Tourism Ireland celebrates the release of Star Wars: The Last Jedi,
shot on location on Ireland’s beautiful Wild Atlantic Way
Planet Earth’s first interstellar tourism campaign has taken off – highlighting a destination that is truly out of this world. Perched above the earth in space, a billboard advertising “Earth’s Wild Atlantic Way” features Skellig Michael, an island off Ireland’s south-west coast – otherwise known as Luke Skywalker’s hide-out in Star Wars: The Last Jedi.
As the world sits in anticipation of Star Wars: The Last Jedi, Tourism Ireland, the body responsible for marketing the island of Ireland overseas as a holiday destination, is celebrating the film’s imminent theatrical release with the first tourism campaign in space.
Ireland’s Skellig Michael featured in the final moments of Star Wars: The Force Awakens, where Rey finds Luke Skywalker at the island’s summit.
Since its dramatic appearance in Star Wars: The Force Awakens, Skellig Michael’s stone ‘beehive’ huts, sweeping ocean views and that trademark emerald green have been seen by hundreds of millions, featuring in everything from trailers for the forthcoming The Last Jedi and behind-the-scenes films to a Vanity Fair magazine cover.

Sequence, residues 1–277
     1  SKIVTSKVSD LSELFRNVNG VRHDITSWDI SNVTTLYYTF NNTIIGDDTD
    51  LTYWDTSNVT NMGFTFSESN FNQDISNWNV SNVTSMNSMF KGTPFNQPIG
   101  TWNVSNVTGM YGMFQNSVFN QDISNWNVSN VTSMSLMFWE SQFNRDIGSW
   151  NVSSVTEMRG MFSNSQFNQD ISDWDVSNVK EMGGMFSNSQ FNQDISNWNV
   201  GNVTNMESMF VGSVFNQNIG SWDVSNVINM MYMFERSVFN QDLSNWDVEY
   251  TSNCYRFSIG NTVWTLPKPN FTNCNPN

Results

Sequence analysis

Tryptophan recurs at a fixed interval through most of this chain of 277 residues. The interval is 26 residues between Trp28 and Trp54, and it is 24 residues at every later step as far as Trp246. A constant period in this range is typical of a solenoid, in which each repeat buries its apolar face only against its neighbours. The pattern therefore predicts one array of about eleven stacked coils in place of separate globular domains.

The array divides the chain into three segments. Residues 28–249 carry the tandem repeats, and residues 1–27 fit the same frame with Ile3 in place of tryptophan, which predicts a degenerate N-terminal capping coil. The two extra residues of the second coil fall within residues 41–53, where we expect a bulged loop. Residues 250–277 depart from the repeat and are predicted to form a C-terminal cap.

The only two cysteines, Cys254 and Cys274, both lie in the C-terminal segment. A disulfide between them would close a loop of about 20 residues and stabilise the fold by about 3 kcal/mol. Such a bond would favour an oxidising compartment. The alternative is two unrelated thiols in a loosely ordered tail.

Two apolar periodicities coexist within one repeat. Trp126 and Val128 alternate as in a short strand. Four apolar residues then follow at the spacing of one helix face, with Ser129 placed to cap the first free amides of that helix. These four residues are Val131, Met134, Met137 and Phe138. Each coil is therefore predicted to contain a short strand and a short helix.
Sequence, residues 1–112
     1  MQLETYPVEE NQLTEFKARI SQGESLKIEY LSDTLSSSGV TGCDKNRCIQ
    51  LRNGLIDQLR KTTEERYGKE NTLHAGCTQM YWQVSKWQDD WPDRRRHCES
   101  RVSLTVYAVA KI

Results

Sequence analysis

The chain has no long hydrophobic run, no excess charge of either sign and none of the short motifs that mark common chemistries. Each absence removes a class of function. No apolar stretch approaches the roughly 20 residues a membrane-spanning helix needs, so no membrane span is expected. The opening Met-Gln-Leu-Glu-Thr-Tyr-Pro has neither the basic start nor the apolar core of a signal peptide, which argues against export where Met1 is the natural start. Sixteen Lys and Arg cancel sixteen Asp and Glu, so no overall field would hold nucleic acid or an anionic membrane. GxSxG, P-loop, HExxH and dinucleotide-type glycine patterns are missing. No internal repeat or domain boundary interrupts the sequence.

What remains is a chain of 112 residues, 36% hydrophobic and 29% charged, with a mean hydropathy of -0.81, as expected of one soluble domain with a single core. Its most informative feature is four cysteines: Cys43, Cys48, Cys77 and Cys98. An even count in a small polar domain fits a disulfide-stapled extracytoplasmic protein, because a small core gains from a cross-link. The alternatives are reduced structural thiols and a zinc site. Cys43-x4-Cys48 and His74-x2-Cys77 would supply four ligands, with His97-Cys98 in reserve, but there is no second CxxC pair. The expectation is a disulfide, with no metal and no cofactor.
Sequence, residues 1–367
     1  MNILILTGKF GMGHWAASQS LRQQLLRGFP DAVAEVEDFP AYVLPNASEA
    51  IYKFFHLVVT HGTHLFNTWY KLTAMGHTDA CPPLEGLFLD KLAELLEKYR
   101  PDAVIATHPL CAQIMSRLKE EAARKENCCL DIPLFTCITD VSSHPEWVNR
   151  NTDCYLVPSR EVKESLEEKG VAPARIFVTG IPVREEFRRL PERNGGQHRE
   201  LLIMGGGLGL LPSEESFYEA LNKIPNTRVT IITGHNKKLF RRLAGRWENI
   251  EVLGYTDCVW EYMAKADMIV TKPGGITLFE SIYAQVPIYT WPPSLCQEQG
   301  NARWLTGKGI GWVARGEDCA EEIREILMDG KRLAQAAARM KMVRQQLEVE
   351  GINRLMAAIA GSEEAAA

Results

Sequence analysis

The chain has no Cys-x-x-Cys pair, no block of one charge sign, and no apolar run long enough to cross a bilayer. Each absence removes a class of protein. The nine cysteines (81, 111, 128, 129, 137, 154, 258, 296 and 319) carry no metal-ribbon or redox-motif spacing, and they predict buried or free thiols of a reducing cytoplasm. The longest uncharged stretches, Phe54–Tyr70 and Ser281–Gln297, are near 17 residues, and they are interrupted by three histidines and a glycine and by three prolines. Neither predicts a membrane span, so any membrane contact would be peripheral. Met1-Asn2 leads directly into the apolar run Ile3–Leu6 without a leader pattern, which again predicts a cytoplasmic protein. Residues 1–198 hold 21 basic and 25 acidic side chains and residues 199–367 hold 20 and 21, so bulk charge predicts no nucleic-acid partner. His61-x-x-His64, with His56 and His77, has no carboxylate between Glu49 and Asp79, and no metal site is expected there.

The director of The Last Jedi, Rian Johnson, returned to Skellig Michael with his cast in September 2015, picking up the story from the iconic moment in The Force Awakens. The location scouts were so taken with Ireland’s Wild Atlantic Way that key locations in counties Cork, Kerry, Clare and Donegal were handpicked to represent the planet Ahch-to in The Last Jedi – due to hit the big screen on 15 December.
Tourism Ireland’s billboard was launched into space using a weather balloon, reaching a peak altitude of 33,390m or 20.75 miles, where the billboard was captured in a photograph and short video.
Due to the lateral movement in the atmosphere in line with the rotation of the earth, the balloon fell back down to earth once it reached its peak to a similar co-ordinate to those of launch – where the materials were then recovered.
About the Wild Atlantic Way
Ireland’s Wild Atlantic Way is the longest defined coastal route in the world at 2,500km (1,700 miles) in length.